The Eagles will miss Avant's presence in the locker room, around the NovaCare Complex and on game days. A religious man, according to all accounts, Avant led by example but also wasn't afraid to speak up if need be. He mentored many young players, in recent years taking them under his wing in Bible study classes or after practice catching balls from the jug machine.

For the most part, I haven’t bought into the Steve Smith lockerroom disruption story line.  Gettleman, however, has clearly made it a point to bring in free agent receivers known as locker room guys. He passed on a several free agents, such as Hakeem Nick, Desean Jackson (an unlikely sign anyway), and Kenny Britt, all who have outstanding character concerns. This alone doesn’t prove that Smith was a disturbance.  It may suggest, however, that Smith wasn’t a catalyst for team solidarity either.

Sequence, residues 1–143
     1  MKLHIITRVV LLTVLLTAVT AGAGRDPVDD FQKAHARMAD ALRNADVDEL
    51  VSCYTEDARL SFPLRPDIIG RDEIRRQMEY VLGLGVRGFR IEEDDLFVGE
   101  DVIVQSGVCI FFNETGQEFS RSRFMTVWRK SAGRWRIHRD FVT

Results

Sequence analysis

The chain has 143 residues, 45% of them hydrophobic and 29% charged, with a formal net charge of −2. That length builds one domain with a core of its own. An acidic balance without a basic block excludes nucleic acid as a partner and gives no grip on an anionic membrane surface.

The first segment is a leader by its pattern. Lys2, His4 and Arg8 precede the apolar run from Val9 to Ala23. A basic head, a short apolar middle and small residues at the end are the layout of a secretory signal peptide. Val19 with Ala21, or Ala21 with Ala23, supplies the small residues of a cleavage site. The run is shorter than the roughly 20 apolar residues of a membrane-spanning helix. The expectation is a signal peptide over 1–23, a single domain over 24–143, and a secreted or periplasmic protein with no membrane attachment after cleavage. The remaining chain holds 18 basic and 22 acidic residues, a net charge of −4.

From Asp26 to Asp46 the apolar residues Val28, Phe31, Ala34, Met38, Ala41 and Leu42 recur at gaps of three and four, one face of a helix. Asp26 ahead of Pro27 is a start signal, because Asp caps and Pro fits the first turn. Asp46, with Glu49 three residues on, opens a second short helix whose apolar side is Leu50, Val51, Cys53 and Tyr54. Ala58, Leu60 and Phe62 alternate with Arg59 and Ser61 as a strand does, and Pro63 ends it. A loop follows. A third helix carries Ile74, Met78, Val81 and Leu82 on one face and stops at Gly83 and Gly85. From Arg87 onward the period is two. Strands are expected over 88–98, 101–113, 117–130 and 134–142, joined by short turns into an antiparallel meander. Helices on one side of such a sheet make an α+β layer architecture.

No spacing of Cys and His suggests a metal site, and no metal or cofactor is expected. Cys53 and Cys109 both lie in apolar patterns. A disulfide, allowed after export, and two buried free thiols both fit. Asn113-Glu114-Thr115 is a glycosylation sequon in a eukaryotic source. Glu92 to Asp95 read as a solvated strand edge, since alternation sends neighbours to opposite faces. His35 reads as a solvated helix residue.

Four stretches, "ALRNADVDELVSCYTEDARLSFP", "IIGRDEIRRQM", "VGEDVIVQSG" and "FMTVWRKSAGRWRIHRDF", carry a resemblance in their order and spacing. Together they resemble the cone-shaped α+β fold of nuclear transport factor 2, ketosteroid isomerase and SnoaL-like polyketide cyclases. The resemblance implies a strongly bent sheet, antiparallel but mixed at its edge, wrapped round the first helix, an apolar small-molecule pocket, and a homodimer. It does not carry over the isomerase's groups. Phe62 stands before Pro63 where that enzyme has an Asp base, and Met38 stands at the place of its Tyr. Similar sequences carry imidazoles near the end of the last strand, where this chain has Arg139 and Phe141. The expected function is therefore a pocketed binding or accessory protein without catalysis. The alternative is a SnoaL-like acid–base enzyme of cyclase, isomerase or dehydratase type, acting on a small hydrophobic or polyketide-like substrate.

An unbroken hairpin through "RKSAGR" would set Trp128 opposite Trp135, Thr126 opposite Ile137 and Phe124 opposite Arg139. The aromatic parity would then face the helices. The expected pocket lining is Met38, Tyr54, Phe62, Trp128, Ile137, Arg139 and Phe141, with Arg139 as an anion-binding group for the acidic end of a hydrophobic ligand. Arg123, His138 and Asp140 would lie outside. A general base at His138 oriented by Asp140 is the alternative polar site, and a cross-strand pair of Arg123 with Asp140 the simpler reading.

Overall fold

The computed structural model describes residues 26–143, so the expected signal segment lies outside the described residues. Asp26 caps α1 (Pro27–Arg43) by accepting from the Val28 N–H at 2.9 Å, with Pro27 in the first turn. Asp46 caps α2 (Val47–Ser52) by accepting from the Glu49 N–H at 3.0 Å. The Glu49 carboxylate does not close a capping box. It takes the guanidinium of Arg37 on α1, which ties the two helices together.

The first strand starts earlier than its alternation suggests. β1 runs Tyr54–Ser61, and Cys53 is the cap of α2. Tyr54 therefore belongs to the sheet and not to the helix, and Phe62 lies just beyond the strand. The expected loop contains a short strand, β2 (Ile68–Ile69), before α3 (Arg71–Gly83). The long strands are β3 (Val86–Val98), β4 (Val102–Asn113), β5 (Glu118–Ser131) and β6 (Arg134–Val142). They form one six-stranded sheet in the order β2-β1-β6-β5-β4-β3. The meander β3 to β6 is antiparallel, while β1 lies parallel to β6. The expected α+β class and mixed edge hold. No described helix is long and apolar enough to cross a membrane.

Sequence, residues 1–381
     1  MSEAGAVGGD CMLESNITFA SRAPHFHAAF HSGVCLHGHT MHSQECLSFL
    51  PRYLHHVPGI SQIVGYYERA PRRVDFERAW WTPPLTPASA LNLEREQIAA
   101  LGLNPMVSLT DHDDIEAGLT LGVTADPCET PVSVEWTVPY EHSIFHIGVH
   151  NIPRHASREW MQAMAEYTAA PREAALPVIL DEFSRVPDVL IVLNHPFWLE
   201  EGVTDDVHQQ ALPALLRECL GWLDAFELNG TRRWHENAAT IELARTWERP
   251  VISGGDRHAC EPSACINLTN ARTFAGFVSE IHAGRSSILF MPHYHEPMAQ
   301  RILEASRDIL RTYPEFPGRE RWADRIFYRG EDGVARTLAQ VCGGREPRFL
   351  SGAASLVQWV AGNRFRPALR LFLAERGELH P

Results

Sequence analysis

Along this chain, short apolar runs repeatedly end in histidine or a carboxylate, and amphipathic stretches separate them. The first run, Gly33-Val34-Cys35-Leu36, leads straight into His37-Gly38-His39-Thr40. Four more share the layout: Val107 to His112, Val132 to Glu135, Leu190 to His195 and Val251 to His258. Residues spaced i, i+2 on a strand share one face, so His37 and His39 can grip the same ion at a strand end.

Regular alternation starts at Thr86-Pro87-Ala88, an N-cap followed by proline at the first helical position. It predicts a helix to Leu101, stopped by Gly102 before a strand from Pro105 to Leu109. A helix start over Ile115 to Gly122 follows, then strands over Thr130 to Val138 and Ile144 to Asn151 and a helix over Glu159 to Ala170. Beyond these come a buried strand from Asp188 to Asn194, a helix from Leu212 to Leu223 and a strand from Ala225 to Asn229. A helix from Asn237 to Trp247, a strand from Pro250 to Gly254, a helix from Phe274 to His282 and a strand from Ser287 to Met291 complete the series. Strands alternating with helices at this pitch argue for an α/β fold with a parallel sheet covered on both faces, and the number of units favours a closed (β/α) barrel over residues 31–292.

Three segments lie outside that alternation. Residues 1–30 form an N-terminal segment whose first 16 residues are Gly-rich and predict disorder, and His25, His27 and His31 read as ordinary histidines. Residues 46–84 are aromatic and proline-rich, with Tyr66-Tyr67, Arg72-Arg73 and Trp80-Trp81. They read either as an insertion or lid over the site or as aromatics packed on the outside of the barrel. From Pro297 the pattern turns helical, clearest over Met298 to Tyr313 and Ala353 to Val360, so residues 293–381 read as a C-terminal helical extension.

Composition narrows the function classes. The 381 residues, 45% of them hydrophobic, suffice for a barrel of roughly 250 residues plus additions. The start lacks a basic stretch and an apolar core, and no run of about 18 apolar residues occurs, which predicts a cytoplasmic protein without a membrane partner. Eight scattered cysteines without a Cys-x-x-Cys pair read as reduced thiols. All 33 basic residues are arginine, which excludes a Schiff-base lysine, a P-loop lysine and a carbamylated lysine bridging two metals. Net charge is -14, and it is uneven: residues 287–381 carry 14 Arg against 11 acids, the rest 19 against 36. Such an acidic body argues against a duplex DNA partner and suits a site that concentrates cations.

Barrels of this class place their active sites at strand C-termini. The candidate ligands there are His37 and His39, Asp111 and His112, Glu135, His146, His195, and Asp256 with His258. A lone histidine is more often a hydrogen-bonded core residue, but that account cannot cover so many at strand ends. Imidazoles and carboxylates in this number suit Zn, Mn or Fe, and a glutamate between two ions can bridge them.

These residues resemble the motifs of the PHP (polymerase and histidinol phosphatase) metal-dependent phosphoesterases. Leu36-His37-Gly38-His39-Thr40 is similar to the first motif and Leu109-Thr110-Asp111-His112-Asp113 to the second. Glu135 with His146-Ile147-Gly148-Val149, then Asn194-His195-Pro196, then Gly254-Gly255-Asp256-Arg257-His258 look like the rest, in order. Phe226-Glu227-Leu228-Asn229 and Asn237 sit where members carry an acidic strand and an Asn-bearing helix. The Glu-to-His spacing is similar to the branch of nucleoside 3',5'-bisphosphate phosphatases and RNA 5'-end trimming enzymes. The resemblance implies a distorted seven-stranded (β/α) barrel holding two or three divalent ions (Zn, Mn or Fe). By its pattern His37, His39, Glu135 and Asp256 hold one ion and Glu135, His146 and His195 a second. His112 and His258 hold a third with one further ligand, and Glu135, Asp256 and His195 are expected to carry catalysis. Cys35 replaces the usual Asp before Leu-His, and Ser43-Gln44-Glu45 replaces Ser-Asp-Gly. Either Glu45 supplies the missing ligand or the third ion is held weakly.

Some point to Carolina’s failure to develop a #2 option alongside of Smith as evidence that he isn’t all that great at building guys up.
Maybe there is something to the idea that Cam could better develop without the former star, especially in lieu of his declining on-field production.